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Columns

Harvard's Tug of War in Allston

By Elizabeth X. Guo
By Shanivi Srikonda, Crimson Opinion Writer
Shanivi Srikonda ’24, a Crimson Editorial editor, lives in Quincy House. Her column “Nooks and Crannies” appears on alternate Wednesdays.

Harvard’s new Science and Engineering Complex is an expansive, beautifully constructed building. From the useful makerspaces to the new furniture and appliances, the building is a testament to the innovation and ingenuity that engineering can accomplish. Situated in Allston — a Boston neighborhood located a 20 or so minute walk from Harvard’s River Houses — the SEC represents a visual symbol of Harvard’s expansion into Allston, complete with the near-constant commute of Harvard shuttle buses. This project has been decades in the making, and Harvard has had a long, sometimes contentious, history of expanding its presence in Allston.

Originally the home of the Massachusett people, the land that is now Allston was soon colonized and called “Little Cambridge” until 1807, and in 1868, Allston was divided from Brighton and given its current name.

In 1997, it was announced that Harvard University had been quietly acquiring 52.6 acres of land in Allston, and in 2000, the University acquired another 48-acre parcel of land from the Massachusetts Turnpike Authority. In 2003, Harvard further extended its reach, buying an adjacent land parcel of 91 acres for $75 million, bringing the total area of land the University owned in Allston to 341 acres, significantly more than the 219 acres it owned in Cambridge at the time.

In addition to just acquiring land, Harvard has also acted as a landlord to different businesses and organizations in Allston, with one of the most notable being WGBH, a public radio station in Boston. Though WGBH had a lease until 2044, it opted to move out of Allston as Harvard was eyeing the neighborhood for further expansion in the early 2000s; the area that WGBH previously occupied is now where the SEC’s campus sits.

Many are concerned about the University contributing to gentrification in Allston, worried that Harvard’s expansion into the neighborhood may hurt local residents who now find themselves amidst a busy satellite campus for one of the most prestigious universities in the world. For Meredith Zielonka ’25, Harvard’s expansion into Allston is more personal. “My parents used to work at the old location of WGBH,” Zielonka said in an interview. “I have very specific memories located with that neighborhood, what it used to look like, and now there’s this giant building there.”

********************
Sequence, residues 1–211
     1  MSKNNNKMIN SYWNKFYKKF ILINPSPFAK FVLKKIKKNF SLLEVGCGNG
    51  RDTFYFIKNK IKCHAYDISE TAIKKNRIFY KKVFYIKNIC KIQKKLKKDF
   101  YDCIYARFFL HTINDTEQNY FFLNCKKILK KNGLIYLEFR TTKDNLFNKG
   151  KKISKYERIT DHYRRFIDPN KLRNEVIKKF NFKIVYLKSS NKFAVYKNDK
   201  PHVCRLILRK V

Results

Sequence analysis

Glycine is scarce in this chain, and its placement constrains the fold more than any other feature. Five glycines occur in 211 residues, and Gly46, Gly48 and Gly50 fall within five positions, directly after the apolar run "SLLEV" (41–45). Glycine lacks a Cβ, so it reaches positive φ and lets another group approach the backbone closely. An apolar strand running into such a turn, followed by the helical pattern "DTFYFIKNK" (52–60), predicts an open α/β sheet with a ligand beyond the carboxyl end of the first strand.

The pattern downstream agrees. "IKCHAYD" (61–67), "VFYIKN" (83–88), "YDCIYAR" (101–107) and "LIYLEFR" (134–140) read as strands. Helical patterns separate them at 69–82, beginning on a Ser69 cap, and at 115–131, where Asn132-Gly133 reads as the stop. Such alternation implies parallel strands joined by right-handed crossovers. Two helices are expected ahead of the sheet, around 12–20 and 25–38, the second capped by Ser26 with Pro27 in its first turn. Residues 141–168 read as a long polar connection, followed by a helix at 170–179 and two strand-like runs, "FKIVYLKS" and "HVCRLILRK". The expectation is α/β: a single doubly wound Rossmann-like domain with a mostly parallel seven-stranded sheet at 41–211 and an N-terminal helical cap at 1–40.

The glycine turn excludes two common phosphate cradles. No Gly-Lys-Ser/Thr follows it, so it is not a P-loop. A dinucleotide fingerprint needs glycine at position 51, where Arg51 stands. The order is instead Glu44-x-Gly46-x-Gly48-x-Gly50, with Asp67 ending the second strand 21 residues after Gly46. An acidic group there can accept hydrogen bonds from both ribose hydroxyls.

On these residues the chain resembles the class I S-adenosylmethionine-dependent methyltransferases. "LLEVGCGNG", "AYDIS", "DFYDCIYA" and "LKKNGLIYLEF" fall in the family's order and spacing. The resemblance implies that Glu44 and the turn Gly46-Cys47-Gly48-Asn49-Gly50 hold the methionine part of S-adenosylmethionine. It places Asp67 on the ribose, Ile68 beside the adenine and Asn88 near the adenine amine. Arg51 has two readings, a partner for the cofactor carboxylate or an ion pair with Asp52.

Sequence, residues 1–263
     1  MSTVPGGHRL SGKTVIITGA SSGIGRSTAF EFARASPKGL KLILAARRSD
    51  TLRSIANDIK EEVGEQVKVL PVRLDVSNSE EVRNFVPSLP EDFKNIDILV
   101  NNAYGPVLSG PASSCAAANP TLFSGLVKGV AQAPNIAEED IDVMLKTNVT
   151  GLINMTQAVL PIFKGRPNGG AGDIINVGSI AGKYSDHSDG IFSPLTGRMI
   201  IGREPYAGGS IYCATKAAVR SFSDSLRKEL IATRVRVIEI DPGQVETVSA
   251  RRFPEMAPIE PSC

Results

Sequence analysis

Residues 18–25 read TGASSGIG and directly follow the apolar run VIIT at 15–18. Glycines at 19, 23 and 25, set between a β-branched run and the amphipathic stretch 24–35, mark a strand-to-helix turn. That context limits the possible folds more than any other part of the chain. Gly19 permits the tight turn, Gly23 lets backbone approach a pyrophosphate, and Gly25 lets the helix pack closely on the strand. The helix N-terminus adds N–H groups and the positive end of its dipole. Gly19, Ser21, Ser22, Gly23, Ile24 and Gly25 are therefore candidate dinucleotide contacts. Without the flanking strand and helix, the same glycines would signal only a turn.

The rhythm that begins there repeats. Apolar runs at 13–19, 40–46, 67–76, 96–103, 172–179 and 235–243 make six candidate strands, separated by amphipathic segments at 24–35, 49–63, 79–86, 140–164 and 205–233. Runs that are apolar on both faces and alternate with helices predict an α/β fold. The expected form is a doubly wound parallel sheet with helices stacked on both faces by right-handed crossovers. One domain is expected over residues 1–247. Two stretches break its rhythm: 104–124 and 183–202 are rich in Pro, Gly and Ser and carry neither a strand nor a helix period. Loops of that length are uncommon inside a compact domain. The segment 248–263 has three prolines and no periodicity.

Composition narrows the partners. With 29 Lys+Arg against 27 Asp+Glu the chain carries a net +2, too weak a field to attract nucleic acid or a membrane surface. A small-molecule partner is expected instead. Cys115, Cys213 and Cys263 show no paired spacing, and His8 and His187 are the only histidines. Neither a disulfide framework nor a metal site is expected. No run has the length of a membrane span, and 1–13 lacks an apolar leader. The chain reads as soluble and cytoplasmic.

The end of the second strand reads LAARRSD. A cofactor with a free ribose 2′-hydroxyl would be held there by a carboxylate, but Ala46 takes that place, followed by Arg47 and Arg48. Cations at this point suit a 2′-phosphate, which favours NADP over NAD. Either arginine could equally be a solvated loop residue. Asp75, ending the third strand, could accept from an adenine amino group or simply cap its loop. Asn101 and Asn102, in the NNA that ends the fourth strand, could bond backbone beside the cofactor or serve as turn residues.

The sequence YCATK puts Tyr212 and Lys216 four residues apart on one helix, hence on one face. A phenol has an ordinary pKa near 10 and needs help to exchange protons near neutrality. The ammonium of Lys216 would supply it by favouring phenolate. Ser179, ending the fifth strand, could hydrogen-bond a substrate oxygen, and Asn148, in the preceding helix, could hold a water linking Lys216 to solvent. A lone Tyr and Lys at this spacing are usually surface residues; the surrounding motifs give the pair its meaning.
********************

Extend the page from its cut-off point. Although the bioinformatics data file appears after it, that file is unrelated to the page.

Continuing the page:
Harvard’s expansion into Allston with the SEC represents not only a tug of war between the University and the community it is building into, but also between the historic engineering buildings near Oxford Street and the new SEC. Built in 1901, Pierce Hall is one of the oldest buildings in the historic complex in Cambridge, and it has been a home to many a Nobel Laureate, such as Nicolaas Bloembergen, who won the 1981 Nobel Prize in Physics for his work in laser spectroscopy and nonlinear optics. A University task force announced in June that it planned to vacate Pierce Hall.

Thus, many began to contemplate the contrast between the historic engineering campus in Cambridge and the sparkling SEC in Allston. As Rachel Zhou ’24 put it in an interview, “It’s really strange to see how these buildings have been almost just abandoned, even though they’re still usable.”

Pierce Hall’s buildings are now emptier than usual, but still usable and full of historic charm, which seems at odds with expanding into a neighborhood that the University historically has not been very connected to. This begs the question: Although students and Harvard affiliates are benefitting from the University’s Allston expansion, how can the University work to make sure that Allston’s residents themselves are also seeing benefits? What is the need for such expansion when there are already buildings to be used? If there must be expansion, how can the University be a good steward unto its new communities and ensure the livelihood of those communities’ residents?

Most importantly, whose comfort are we prioritizing? Is our comfort, of having beautiful new spaces, more important than the comfort of Allston’s residents, many of whom may have lived in the neighborhood for generations? In prioritizing one group’s comfort over another, what does that say about us, when we want to break down the stereotype that the University is simply just an ivory tower.

It is hard to reconcile how the University’s developments threaten to gentrify Allston, while historic brick buildings sit empty in Cambridge. In this tug of war, we’re at a standstill, with the new SEC now bustling and the old SEAS complex being slowly emptied. The University must engineer better solutions to amend this paradox and become a more positive influence on the Allston community it has expanded into.

Shanivi Srikonda ’24, a Crimson Editorial editor, lives in Quincy House. Her column “Nooks and Crannies” appears on alternate Wednesdays.

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